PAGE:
If I had a dollar for every time the NPS has gone on record as saying, with regard to some unpopular proposal, "This has been deemed the most workable situation for park employees", I would be able to retire tomorrow.

It is my personal hope to get an appeals court in Cincinatti with a judge that wasn't associated with the Howard Baker law firm and doesn't rub elbows with Lamar Alexander while taking his meals at Club Leconte and sipping cocktails at the Evergreen Ball.

Like Myers said.  "If the law matters, we will prevail".  Sadly, with regard to the Blackberry Farm elites with whom we have been battling since inception, the law is what you make it and federal property boundaries are where you deem them.  We "rabble" will carry our lamp  like Diogenes.  Myers says we will make them all lie on record.  So far, we have outed quite a record of liars.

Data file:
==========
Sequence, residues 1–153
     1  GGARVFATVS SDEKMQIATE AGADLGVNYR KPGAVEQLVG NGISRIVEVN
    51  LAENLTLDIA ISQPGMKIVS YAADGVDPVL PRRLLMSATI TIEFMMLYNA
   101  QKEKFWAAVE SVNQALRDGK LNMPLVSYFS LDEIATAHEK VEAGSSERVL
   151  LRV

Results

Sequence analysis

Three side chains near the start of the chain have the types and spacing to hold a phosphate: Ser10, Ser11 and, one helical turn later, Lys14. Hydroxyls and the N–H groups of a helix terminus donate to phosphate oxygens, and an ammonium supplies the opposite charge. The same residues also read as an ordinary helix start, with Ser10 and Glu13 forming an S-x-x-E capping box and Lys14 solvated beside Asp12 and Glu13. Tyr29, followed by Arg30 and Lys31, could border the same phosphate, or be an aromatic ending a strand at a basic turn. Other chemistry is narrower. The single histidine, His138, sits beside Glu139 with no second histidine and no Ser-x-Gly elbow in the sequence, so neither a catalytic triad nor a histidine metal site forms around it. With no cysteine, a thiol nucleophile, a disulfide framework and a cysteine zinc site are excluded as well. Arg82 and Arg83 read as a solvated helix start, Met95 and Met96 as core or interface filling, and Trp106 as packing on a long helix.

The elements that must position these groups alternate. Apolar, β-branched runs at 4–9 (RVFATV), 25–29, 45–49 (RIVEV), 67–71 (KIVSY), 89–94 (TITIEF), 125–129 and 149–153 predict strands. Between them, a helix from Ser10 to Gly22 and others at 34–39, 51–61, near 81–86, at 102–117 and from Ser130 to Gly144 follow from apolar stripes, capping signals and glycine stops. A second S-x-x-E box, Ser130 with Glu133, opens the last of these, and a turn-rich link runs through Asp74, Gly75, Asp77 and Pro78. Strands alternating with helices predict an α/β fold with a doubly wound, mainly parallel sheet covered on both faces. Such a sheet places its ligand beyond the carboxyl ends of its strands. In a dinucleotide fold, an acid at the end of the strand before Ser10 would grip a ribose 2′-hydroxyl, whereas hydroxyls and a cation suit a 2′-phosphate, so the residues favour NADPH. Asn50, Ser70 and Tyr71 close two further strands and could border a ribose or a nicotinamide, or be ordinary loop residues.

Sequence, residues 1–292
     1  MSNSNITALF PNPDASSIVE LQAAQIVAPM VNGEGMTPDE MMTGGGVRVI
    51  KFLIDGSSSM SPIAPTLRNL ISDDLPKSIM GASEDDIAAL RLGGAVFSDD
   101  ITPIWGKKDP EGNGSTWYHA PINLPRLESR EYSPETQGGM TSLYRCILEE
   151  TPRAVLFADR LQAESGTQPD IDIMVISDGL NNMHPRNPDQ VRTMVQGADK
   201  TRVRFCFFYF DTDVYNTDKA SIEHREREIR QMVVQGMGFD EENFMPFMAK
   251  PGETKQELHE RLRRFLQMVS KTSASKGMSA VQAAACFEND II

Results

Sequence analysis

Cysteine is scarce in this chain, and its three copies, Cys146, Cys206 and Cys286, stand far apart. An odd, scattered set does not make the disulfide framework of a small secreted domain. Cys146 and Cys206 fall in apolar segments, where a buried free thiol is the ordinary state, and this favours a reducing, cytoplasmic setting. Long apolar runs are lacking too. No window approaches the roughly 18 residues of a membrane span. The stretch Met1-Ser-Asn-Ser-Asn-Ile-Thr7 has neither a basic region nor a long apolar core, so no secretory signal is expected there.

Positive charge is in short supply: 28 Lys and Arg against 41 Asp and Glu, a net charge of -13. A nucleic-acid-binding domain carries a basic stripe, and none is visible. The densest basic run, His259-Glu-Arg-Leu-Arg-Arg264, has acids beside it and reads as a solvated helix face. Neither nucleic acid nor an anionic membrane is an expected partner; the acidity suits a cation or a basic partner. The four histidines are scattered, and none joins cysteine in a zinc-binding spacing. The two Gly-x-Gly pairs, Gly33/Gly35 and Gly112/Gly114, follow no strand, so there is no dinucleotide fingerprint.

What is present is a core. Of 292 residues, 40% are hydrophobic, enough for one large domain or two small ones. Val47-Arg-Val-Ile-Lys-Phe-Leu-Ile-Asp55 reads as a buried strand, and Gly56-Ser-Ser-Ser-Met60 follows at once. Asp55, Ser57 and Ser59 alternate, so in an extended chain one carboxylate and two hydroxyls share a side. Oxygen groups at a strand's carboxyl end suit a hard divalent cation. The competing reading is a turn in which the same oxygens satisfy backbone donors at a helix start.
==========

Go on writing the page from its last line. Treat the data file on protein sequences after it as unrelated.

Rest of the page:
Thank you, Steve, for not conceding. Whether an appeals judge rules in favor of the truth or not, we have already won great battles along the way.  And you and everyone here can take great pride in that.

Comment by steve george 5 hours ago

Couple of questions:

The appeal will be brought to whom?  Would that be a more overly stuffed set of foxes watching over the less overly stuffed foxes guarding the chicken coop?

How low is the bar set for compliance of notification to state and local officials? Is there a list (of officials) that has to be checked off for the record?

We all witnessed this hollow gesture of civic engagement. The people who write the laws and regulations will always frame the words in favor of themselves or leave holes in the words for others to interpret.  The way the system is set up the others unfortunately are them.